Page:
Saturday, November 6, 2010


By Frank Miller, M.D.

The term "halogen" comes from hals, the Greek word for salt. Halogens consist of a group of elements that are highly reactive with other elements and compounds. The halogens fluorine, chlorine, bromine and iodine are used as antiseptics because they are so highly toxic. Fluorine, for example, is so dangerous that gloves and face shields must be used when working with hydrofluoric acid and accidental exposure should be treated as a hospital emergency.

Halides are compounds containing a halogen. Halides are less reactive and more stable than halogens. Many halides have industrial applications only because they are not known nutrients and may deadly if ingested. Biologically useful halides such as potassium chloride, sodium chloride, and calcium fluoride are necessary nutrients for our health and help to protect our bodies from infection.


We can't live without fluorine. Good fluorine, as calcium fluoride, is found in the thyroid gland and throughout the body to help the tissues resist infections. It also provides flexible strength to the tissues of the body including the skin, teeth and bones. Calcium fluoride is a necessary nutrient found in seafood. It occurs naturally in water as fluorspar.

Calcium fluoride is up to ten times more resistant to being dissolved by acid than any other form of calcium. For this reason it gives teeth strength and smoothness free from the pits and cracks that allow decay. Calcium fluoride also allows teeth to remineralize after repeated attacks of acid from eating and drinking demineralized food and water. It also protects the teeth from Streptococcus mutans the most virulent species of tooth decaying bacteria. Calcium fluoride and other calcium salts are so important to the body that the body is willing to sacrifice bone mass to keep adequate amounts of calcium circulating in the bloodstream.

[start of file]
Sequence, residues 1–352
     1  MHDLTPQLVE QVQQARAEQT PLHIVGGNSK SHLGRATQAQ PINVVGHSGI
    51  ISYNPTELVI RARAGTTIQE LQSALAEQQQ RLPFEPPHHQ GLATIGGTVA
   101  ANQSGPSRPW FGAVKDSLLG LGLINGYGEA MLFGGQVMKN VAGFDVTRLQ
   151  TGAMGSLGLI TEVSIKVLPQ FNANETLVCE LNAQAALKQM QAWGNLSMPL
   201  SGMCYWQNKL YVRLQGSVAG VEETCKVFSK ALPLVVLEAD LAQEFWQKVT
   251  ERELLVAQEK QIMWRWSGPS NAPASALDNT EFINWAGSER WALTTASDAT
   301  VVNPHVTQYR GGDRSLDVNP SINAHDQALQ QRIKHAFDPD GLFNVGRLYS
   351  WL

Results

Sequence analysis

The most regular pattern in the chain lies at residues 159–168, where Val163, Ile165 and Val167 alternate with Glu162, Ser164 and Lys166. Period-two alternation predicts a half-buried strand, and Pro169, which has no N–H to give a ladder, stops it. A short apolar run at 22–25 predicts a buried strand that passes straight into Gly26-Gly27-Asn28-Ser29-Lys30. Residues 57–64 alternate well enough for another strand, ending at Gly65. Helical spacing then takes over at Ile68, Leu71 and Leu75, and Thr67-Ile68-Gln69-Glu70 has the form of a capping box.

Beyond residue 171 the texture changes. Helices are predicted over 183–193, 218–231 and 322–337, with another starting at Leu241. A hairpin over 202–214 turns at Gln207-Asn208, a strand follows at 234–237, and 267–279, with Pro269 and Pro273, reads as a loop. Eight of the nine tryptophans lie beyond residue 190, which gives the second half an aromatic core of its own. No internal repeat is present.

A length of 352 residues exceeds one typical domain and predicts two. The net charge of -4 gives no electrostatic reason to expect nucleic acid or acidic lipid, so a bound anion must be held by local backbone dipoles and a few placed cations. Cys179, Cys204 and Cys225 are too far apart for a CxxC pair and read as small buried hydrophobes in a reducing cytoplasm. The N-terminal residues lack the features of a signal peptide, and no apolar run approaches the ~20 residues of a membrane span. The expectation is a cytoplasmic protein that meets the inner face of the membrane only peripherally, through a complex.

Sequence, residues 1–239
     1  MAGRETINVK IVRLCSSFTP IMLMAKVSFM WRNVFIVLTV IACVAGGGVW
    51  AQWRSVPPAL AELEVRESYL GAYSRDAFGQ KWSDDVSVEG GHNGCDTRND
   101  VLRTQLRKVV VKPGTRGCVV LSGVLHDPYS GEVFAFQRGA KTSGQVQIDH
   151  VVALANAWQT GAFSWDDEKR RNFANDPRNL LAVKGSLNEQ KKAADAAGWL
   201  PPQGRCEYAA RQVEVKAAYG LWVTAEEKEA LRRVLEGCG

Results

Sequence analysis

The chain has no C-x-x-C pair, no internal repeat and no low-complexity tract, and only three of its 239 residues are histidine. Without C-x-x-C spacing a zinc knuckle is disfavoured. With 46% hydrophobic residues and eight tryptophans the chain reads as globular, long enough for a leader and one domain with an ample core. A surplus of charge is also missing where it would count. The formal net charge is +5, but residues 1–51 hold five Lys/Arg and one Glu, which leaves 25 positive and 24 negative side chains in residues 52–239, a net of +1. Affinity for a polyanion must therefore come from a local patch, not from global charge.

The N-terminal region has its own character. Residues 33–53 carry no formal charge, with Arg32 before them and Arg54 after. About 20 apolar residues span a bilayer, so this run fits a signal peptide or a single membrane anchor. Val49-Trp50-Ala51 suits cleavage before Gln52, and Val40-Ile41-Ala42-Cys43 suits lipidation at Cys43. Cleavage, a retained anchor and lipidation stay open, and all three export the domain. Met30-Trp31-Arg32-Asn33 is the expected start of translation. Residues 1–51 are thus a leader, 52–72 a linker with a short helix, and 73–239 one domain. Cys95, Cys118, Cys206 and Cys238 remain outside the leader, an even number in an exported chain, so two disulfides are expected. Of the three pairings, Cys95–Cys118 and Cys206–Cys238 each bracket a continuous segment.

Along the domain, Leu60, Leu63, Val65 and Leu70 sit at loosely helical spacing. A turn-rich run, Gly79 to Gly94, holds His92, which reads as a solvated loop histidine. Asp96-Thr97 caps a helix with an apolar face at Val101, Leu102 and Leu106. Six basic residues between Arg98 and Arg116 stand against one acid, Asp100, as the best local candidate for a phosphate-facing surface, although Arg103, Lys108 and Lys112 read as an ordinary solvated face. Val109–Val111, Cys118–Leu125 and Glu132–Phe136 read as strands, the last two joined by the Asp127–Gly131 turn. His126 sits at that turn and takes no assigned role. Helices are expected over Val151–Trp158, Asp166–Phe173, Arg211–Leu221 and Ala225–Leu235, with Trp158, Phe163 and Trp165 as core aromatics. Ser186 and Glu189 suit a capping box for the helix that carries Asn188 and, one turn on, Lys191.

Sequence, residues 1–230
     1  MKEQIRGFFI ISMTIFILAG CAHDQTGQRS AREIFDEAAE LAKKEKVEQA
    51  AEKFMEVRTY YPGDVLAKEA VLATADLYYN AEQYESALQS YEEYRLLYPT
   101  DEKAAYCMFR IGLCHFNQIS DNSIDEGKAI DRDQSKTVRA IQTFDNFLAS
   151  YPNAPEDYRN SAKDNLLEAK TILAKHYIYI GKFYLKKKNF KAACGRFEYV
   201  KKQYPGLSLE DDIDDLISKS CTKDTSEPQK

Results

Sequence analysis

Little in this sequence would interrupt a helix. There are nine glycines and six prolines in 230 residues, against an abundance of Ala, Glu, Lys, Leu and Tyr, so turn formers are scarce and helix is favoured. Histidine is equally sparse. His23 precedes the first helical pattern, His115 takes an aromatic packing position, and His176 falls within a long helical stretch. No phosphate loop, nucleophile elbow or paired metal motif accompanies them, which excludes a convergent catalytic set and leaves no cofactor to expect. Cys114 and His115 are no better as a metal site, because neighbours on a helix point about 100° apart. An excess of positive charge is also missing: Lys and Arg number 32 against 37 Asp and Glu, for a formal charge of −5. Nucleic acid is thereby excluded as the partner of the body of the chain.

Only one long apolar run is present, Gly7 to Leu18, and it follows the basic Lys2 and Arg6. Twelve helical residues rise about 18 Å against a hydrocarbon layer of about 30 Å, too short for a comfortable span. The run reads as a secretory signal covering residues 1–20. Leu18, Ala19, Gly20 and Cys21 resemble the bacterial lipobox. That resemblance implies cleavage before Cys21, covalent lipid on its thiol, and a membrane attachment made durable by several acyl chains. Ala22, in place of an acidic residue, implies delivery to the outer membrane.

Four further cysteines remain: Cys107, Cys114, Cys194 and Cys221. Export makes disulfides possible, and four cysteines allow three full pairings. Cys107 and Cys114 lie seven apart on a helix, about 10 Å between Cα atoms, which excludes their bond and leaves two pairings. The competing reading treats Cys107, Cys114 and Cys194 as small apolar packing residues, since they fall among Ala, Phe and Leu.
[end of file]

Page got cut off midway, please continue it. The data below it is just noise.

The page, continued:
Dissolved fluoride salts form ions that are about the same size as oxygen ions. Both are small enough to pass through a carbon filter but they can be destroyed or lost with the distillation of water or reverse osmosis (RO) methods of water purification. Deficiencies of fluoride ions can result in poor eyesight, frequent or chronic infections, infections of the teeth, dental caries (tooth decay), and osteoporosis.


On the other hand, the fluorine used to fluoridate municipally-treated water is extremely toxic by skin contact and breathing. Called fluorosilicic acid, sodium silicofluoride or sodium fluoride, excessive accumulation can cause fluorine poisoning (fluorosis) with acute symptoms such as nausea, vomiting, diarrhea and cramps, as well as chronic conditions such as severe bone changes that can make movement painful and produce hip fractures. Fluorosilicic acid can aggravate asthma and irritate the eyes, skin, nose and throat. Excessive accumulation of toxic fluorine has been linked to non-stick coatings on cookware. Fluorine poisoning is commonly the result of drinking and bathing in tap water and from the use of toothpaste and and other dental products.

Fluorine and chlorine added at water treatment sites can also speed up the body's absorption of aluminum from food additives, medicine, cosmetics, cookware, and industrial contamination.


However, the beneficial form of fluoride and the other protective minerals that occur naturally in water can stop us from absorbing many of the contaminants that are commonly in the public water supply and some bottled waters. The protective fluoride and minerals are absent from demineralized water.

In other words, the body selects minerals from food and water sources, based on what is available. For instance, if water has been treated with a toxic fluorine additive but naturally-occurring calcium fluoride was also present in the water, some protection against harmful fluorine would be provided. But if there was no helpful calcium fluoride, the harmful fluorine would be taken into the body tissues instead. The protective form of flouride can prevent you from absorbing the harmful forms.

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